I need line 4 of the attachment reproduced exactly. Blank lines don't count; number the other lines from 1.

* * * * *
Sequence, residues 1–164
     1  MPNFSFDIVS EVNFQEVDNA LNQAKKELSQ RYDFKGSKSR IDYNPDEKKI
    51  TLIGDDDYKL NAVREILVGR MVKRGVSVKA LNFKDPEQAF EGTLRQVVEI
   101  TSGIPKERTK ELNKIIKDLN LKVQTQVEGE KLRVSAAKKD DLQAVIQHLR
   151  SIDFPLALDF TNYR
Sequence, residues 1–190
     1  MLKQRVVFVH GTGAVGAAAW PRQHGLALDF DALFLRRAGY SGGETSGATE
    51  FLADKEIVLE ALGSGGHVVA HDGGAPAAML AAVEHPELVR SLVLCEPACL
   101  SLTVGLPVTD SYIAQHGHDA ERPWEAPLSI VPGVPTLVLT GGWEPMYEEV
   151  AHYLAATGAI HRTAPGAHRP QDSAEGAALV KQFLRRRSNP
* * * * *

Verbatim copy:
   101  TSGIPKERTK ELNKIIKDLN LKVQTQVEGE KLRVSAAKKD DLQAVIQHLR